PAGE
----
Tendeks.—M ss:b Matson, Cox and Co. Invito tenders for ploughing.
Diffekent Tastes —Mr W. B. Bradlaugh, the brother of the member for Northampton, is at present conducting an evangelistic mission at Jedburgh with marked success. He is aided in religious services by a young lady who sings hymns and solos very prettily.
A Lien on Her. —From Auckland wo learn that in the case "of Captain Anderson, owner of the cutter Severn, against the crew, who held the vessel against all comers, owing to their wages not being paid, Judge McDonald held that the crew had a lien on the vessel till their wages were paid. Portraits. —It is notified elsewhere that the proprietors of the American Gem Photographic Studio have decided to remain in Ashburton till the end of this week. The portraits are a marvel of cheapness, besides being very well executed. While the “ gems” are made a speciality, the proprietors also turn out cartes de visiie and cabinet sizes in the usual way. Good News for “Drunks.” —Mr Carew, R. M., Dunedin, ruled the other day that a person who, when intoxicated, has complete possession of his reasoning faculties, but has lost the use of his means of locomotion, cannot bo deemed drunk. This will be cheering nows to those intelligent individuals who need the assistance of lamp-post, pumps, and other convenient fixtures to assist them on their way home after “ seeing a friend.”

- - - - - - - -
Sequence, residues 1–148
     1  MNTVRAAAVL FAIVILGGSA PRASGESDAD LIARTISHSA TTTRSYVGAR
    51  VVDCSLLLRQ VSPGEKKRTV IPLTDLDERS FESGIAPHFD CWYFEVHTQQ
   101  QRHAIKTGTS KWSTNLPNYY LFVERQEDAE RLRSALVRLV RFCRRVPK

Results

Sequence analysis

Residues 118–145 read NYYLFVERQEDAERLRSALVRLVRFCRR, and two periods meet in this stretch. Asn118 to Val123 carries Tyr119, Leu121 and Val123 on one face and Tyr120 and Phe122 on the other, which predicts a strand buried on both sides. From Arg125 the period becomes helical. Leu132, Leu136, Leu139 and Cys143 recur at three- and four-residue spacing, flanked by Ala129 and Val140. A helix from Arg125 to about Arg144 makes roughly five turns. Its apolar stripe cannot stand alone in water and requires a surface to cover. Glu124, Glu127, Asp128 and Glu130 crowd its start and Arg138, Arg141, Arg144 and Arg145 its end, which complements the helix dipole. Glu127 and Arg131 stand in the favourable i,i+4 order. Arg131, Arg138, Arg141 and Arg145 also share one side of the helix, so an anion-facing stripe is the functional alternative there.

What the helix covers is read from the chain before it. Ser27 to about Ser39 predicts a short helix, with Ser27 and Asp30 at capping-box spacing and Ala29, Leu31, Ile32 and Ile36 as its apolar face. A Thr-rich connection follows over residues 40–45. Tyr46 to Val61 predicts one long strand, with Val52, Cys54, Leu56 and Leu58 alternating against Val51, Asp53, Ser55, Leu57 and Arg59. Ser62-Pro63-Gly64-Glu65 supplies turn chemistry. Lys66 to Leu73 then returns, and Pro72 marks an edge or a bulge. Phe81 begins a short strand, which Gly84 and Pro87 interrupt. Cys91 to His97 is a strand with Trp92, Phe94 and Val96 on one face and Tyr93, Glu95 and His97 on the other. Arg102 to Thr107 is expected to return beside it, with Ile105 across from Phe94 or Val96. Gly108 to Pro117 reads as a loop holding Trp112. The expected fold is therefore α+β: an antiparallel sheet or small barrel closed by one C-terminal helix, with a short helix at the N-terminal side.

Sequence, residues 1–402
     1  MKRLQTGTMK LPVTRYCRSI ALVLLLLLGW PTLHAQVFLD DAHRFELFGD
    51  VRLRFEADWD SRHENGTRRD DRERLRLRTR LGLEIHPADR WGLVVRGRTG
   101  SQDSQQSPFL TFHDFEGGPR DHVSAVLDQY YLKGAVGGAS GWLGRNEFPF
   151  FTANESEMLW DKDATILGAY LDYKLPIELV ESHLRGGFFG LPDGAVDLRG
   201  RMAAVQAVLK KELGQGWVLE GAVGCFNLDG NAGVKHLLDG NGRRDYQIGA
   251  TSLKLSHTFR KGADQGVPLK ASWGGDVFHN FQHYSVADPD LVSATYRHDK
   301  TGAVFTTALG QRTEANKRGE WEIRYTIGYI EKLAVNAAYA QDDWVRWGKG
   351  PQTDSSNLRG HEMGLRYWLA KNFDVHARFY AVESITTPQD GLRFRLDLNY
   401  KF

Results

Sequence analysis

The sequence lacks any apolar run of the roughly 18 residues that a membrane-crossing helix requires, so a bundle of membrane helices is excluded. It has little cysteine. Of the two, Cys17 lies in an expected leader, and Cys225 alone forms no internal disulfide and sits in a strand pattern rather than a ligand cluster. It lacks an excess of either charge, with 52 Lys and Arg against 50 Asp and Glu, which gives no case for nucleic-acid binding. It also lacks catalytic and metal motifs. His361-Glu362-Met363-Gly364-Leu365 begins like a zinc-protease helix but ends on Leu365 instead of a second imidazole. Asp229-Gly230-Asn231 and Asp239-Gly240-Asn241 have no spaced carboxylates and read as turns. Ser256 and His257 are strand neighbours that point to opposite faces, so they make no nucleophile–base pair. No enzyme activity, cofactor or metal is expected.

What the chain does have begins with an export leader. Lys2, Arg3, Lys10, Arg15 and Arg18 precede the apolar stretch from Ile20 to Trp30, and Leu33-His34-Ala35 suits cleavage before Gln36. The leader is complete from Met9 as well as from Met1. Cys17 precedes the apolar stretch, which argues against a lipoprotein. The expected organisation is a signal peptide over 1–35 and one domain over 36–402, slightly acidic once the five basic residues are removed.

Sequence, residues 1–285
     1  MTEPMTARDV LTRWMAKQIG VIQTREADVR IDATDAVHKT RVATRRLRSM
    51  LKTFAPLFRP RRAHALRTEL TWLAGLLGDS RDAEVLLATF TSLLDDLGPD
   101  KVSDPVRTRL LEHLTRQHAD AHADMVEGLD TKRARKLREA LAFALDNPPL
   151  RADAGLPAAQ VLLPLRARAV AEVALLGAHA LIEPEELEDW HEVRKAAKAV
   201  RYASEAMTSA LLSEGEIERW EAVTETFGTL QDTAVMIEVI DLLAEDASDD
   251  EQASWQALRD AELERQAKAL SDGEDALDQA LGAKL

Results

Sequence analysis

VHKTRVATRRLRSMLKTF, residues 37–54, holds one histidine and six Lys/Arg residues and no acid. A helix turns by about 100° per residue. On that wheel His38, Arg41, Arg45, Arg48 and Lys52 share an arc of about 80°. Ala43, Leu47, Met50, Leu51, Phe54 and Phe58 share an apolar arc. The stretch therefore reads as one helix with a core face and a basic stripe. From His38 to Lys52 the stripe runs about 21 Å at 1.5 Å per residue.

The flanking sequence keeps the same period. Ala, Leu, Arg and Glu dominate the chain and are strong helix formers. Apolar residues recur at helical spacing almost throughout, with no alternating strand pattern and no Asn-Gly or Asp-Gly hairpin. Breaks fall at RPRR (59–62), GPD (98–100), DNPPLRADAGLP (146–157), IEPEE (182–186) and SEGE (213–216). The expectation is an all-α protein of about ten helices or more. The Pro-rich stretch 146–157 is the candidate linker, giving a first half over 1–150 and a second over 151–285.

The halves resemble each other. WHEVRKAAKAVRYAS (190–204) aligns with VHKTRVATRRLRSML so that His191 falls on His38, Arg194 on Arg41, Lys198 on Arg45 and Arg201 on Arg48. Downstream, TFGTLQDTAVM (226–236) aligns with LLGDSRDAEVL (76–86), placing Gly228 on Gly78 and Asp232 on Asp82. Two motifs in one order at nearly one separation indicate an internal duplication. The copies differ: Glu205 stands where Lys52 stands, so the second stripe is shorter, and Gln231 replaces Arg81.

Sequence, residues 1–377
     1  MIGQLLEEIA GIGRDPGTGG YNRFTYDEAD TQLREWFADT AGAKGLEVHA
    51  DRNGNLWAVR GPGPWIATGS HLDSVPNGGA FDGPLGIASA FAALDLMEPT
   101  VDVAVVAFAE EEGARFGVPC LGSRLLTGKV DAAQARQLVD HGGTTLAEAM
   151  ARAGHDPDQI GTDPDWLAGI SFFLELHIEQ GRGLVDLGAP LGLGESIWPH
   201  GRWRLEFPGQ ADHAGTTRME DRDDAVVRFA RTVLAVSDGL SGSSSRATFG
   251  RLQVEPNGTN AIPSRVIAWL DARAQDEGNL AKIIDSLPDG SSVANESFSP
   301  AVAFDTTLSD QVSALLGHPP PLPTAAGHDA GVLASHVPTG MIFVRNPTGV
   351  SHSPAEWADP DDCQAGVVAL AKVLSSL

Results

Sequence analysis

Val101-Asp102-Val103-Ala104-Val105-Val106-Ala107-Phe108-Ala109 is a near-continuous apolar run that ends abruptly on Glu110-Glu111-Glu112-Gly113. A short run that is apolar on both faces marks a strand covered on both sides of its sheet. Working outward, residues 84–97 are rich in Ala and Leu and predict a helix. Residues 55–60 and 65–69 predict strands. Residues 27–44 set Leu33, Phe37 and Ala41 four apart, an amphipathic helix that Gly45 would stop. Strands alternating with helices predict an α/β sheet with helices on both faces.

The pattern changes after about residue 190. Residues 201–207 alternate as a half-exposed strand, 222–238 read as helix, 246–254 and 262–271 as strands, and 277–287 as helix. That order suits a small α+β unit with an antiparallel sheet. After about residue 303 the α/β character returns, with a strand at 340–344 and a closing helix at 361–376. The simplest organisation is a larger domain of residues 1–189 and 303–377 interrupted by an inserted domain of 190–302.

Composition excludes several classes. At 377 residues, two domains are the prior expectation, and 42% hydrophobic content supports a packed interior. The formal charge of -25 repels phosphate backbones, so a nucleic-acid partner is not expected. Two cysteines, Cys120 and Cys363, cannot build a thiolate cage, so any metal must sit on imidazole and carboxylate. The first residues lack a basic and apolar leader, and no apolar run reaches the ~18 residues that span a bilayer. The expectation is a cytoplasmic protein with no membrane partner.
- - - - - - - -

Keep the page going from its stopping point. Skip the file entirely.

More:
Debating Society. This evening a private entertainment will be held in connection with the above at Saunders’ buildings. The entertainment will take place instead of the ordinary debate. Mr H. M. Jones has kindly consented to lend a piano for the occasion, and a number of members have promised to lend their assistance. We quite expect to chronicle a jolly evening. Each member is privileged to introduce a couple of friends.
Immigration and Emigration. —The following is a return of immigration and emigration for the first five months of the current calendar year, 1882 : —Arrivals from places beyond the colony—Russell, 77; Auckland, 1,404; Gisborne, 12; Wellington, 415; Napier, 60; Nelson, 1; Greymouth, 34; Hokitika, 7; Lyttelton, 225; Timaru, 5; Oamaru, 1; Dunedin, 1,000; Invercargill, 850 ; total, 5,091. Departures from the colony—Russell, 138 ; Auckland, 909; Gisboine, 8; Wellington. 441; Napier, 81; Nelson, 21: Greymouth, 80; Hokitika, 63;Lyttelton, i? 6; Oamaru, 6; Timaru, 12; Dunedin, 542; Invercargill, 782; Wanganui, 1; total, 3,260. Excess of immigration over emigration, 831 —from January Ist to May 31st, 1882.